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Rocket mass heater question of ratios - 1:2:4 vs 1:1.5:3

 
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Hi, I’m looking to build an RMH for my home but where I’m constrained to putting it is very limited for vertical space (under a stairway right next to where my chimney is). I’m looking to build an 8” system but with what little space there is it would be impossible to fit in a 64” riser using the 1:2:4 ratio. I just stumbled upon a few older posts mentioning that a 1:1.5:3 is also very common. Given that my maximum height for this system would be a little over 48” I think I might just be able to squeeze it in if I place everything perfectly. However my question now becomes would going to the 1:1.5:3 ratio mean efficiency loses? If so are the loses minimal or quite noticeable over the 1:2:4 system? Thanks for any input!
 
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Hi Justin,   Let me explain a little bit of what I know about the ratios you mentioned so you can get a better understanding of why they are that way and plan accordingly. Here are some of the basics:
The 1 represents the depth of the feed tube which should be around the length of the wood your planning on burning. Theoretically, the wood should be not sticking out of the feed tube when burning. It can of course go many times higher if your standing there watching it but it does pose a risk of fire creeping up the wood and then smoking or even flames coming into the room. Also as its burning, the wood could topple over rather than fall straight down into the coals at the bottom - not a good thing either. You also don't want to make it any taller than necessary as then it makes for needing a much proportionally  taller heat riser to compensate so there is not the competing chimney effect.

The 1.5 or 2 is the burn tunnel length which is where the wood gasses are produced and begin to burn. Too short and there is not enough dwell time for this to happen, too long and there is excess travel time and friction from the boundary layer effect which can slow things down. I would say that as long as it falls somewhere in between these two you should be fine.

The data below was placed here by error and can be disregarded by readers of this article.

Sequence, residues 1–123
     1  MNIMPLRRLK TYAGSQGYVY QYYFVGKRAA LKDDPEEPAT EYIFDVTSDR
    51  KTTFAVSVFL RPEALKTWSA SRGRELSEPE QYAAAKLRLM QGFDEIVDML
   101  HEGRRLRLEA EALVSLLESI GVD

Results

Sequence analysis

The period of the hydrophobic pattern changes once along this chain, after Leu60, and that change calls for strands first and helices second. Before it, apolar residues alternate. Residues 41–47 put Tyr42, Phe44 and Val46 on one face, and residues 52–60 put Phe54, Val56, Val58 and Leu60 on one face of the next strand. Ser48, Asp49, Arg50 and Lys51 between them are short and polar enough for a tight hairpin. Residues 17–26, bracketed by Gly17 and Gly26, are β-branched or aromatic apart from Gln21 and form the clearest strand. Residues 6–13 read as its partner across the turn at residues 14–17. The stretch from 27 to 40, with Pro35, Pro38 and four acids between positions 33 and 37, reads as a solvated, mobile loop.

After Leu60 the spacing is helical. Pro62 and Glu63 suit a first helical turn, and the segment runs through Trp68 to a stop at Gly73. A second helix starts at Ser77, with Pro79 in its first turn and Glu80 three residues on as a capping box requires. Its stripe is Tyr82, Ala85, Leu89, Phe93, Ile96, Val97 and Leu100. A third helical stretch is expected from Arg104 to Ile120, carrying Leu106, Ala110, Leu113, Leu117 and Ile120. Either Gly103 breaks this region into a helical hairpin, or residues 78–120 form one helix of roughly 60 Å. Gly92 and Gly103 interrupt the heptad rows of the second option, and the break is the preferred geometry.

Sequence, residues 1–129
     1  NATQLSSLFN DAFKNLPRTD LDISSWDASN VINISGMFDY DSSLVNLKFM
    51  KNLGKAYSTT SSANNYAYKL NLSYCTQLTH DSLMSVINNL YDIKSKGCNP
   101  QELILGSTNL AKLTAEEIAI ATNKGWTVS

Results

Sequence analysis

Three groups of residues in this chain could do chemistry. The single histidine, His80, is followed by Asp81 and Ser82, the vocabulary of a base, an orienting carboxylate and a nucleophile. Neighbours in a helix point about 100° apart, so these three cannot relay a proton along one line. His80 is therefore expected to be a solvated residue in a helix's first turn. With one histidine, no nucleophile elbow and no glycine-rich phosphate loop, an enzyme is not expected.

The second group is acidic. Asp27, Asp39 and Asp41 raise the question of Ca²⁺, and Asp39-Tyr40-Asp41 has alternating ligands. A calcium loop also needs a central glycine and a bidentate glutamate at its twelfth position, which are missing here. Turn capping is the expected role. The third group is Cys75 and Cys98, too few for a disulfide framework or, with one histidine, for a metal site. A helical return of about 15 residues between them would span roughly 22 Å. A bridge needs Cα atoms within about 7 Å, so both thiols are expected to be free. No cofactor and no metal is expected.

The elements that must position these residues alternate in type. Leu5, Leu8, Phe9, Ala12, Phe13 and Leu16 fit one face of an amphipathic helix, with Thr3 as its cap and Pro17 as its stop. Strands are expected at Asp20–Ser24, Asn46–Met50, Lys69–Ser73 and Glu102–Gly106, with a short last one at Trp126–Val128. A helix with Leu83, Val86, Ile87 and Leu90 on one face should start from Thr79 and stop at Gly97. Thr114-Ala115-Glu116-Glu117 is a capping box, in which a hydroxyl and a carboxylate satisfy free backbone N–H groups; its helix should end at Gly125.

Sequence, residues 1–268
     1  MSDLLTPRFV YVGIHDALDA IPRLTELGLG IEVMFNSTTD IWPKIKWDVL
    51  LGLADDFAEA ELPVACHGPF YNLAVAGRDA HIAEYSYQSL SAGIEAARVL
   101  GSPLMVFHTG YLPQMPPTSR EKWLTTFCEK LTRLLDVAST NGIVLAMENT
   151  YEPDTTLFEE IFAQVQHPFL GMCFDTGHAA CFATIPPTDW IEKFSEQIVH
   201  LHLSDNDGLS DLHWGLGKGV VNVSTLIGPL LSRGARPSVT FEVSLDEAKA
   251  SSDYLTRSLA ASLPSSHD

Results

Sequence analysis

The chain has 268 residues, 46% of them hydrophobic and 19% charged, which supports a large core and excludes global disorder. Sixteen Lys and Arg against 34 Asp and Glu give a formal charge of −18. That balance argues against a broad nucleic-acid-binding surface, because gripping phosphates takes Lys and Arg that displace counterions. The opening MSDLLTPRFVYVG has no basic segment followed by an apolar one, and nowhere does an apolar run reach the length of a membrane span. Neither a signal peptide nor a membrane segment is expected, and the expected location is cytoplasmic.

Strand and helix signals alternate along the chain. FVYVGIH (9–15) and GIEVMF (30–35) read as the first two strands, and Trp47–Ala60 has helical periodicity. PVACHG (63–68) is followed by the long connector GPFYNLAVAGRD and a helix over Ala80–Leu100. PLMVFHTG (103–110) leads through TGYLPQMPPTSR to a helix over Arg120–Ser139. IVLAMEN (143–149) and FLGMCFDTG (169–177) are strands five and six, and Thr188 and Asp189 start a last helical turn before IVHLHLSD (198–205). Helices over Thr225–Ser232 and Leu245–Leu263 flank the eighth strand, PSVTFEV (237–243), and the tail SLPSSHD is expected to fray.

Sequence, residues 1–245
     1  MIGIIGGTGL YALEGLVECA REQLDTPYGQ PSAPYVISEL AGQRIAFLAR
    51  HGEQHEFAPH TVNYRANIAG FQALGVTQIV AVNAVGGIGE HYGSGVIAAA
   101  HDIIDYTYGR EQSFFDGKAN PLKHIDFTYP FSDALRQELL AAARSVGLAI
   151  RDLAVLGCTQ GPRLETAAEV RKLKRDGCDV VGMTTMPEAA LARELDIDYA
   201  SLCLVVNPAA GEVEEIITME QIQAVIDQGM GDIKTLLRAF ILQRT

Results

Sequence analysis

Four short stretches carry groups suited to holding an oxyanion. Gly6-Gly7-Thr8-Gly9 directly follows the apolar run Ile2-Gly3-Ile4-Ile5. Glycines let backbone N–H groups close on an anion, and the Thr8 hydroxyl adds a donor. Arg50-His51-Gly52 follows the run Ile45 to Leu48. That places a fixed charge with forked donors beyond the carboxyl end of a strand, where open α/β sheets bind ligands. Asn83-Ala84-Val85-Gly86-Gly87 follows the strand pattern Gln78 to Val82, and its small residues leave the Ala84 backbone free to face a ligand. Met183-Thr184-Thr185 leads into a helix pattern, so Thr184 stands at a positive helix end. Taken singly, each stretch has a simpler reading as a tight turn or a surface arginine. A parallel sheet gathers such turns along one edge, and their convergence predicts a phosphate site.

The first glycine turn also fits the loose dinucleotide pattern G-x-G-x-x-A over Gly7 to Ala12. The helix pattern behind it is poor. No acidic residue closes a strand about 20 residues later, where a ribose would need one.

The 3 or 4 is the heat riser height. If you've ever burned a J tube rocket stove with no barrel on top, you've probably seen flames shooting out the top of the heat riser. Again, theoretically speaking, you would want all the gases to be burned off within the heat riser before they exit the top but its not a perfect world and its also not practical to make a 6 foot riser. So taller is usually better for maximum efficiency but compromises sometimes have to be made to accommodate height restrictions, cooking on top of the barrel, etc..
Of course, all this only applies to a J tube core, not a riserless core, sidewinder, double shoebox, batch box or other stove.

Hope this helps.
 
Justin Hadden
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Hi Gerry, thanks for the reply! Another question for you, I see the most common 1:1.5:3 measuremts for an 8” J tube system seems to be 16”, 24”, 48”. I’ve read that you want your feed tube height to be 1.5-2 times the diameter of your system. So would it be possible to build a system measuring 12”, 18”, 36”? Or even using the 1:2:3 measuring 12”, 24”, 36”? Or are those systems too impractical? The reason I ask is because of my vertical space limitations, but obviously I don’t want to lose too much efficiency otherwise I may as well buy a conventional wood stove.
 
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As Gerry mentioned you could look at alternative designs that dont require a tall riser.
 
Justin Hadden
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Hi Fox, 36 inches would actually be a good height riser, I just need to know if either of the two measurements I gave would give me a decently operating system or if I would lose too much efficiency.
 
Fox James
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Hi Justin, lots of thing may be possible but we dont know enough about your proposed heater, how much mass you want to heat etc....
 
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Justin, it might be a good idea to include a description or pics of the area and the intended rmh along with the heat riser question. It is a tuned system, and the better the draft of the system, the shorter the heat riser can be. Looking at the heat riser by itself may not tell you much, because either will likely burn just fine in open air without the rest of the system. The materials used also may play a big role in how short the riser can be, and the chimney.

I'm concerned about what you say about trying to squeeze it in under this staircase. Is the staircase flamable? Is there going to be room to build the system around the heat riser once it is in? What about future maintenance?
 
Justin Hadden
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Hi jordan. The stairs are already fire proof, and it’s already in the area of my pre existing pellet furnace. Money is tight and I can’t afford to build a cob and clay system. However I have several old 250 gallon oil tanks. So I’m thinking of filling them with water and running about 25 feet of pipe through them for my flue gases to perform a a heat exchange. From there’s it’s probably about 20 feet of chimney to the top. Also the reason for wanting a shorter riser is because of the design of the tank I can only raise the tank up so much, as I only have an 8 foot ceiling. A 36” riser would meet the bottom of the tank well if I put the tank on stilts. Any higher of a riser and the first flue pipe section would end up in the middle of the water tank.